The condition survey is an important management tool. The survey of structures, materials and damages is the first step in a process to develop plans and measures needed for rebuilding and preservation.

The aim of the survey is to record and document the damage and the subsequent (risk) assessment of the current state of preservation of an object. Damage assessment here refers primarily to the direct effects of war, looting and misappropriation.

The condition survey consists of observation, investigation and recording during inspection. An assessment of whether the survey level is adequate or not shall be made during this process.

In order to specifically assess the cause of the damage and the existing damage potential, it may become necessary at a later date to prepare additional expert opinions or to have the object examined scientifically.

Inspection of condition should avoid destructive measures. If it is necessary to remove loose components (mouldings, panels, etc.) in order to expose possible hidden damage, such actions should only be carried out in agreement with the owner and where this is approved and required by regulations or competent authorities and in consultation with other relevant experts.

For buildings, all components, rooms, spaces and cavities should also be inspected. Any access problems or consequential safety risks should be noted in the report. Any condition beyond normal wear and tear shall be recorded. In a so called “Condition Checklist” (see Annex) the damages and changes should be individually named, described, photographically documented and roughly quantified according to their occurrence or extent.

Condition classification

Applied standard

The evaluation of the damage and the assessment of the conservation status is based on the  „European Norm for the Conservation of cultural property — Condition survey and report of built cultural heritage (EN 16096:2012)“. When documenting an object or section of a building, the specific condition, the need for action and the resulting recommendations are recorded in condition and urgency classes.

For each component / building element a Condition Class (CC 0 4) shall be stated. The classification is based on an overall assessment of relevant symptoms.

Condition Class

No Symptoms

Apparently without perceptible change in substance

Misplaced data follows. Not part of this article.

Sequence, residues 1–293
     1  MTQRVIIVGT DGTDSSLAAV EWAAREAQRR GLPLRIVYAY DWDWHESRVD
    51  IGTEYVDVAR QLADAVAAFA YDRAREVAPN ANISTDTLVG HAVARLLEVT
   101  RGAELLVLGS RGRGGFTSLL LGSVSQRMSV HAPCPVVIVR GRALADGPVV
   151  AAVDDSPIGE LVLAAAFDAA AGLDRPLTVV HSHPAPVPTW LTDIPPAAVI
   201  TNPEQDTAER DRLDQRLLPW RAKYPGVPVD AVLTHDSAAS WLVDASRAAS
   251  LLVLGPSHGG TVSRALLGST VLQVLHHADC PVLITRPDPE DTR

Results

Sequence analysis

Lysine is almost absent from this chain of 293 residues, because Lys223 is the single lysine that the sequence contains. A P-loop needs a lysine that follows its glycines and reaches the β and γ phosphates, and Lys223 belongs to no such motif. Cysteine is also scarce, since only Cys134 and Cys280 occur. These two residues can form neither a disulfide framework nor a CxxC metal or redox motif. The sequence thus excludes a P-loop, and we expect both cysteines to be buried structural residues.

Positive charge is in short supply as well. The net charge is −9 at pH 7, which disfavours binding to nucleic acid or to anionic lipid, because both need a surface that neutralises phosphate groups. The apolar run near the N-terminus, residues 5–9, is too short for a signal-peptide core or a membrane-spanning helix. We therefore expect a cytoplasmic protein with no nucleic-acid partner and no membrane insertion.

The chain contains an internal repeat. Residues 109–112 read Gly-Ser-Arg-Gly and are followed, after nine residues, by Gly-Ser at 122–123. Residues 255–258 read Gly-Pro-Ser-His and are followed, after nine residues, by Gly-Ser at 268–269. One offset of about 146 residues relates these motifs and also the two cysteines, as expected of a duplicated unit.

Minor Symptoms

Only superficially, without substantial changes
(loss < 20%)


Moderate Symptoms

Locally limited damage / loss of surface
(loss < 50%)


Major Symptoms

Serious damage, severe substantial loss / danger of collapse
(loss > 50%)


Total Loss

Physically complete destruction of a building / component / element (loss > 90%)


Condition assessment basics

Which statements are required?

Information from three different types are important for evaluation:

Refer to “Catalogue of Damage

Cause of Damage

Example list of possible causes

  • Effects of war
  • Construction activities
  • Neglect
  • Weathering
  • Vandalism
  • inappropriate repair / modernisation
  • Robbery
  • Change of use
  • others
Kind of Damage

Example list of possible kinds

  • Total loss
  • (Partial) Collapse / Severe destruction
  • Biological growth (plants, Algae…)
  • Deformation
  • Fractures / cracks
  • Surface / superficial losses
  • Loose or missing components
  • Gaps / outbreaks
  • Backweathering (Natural stones)
  • Impacts, bullet holes
  • Fire Damage
  • Discoloration / soiling
  • Moisture penetration
  • Corrosion
  • Dissolution / Spalling
Scope of Damage

Example list of possible values

  • No. (of parts, objects, pieces)
  • cm, m, m², m³
  • L x W x H
  • lump sum, %
  • Large scale / Local partial

Risk classification

Describing urgencies for intervention

In parallel, for each component / building element, the urgencies expressed through the risk analysis shall be graded into categories of an Urgency Class (UC 0 – 3) and shall describe the time frame for measures within which damage to each component should be repaired.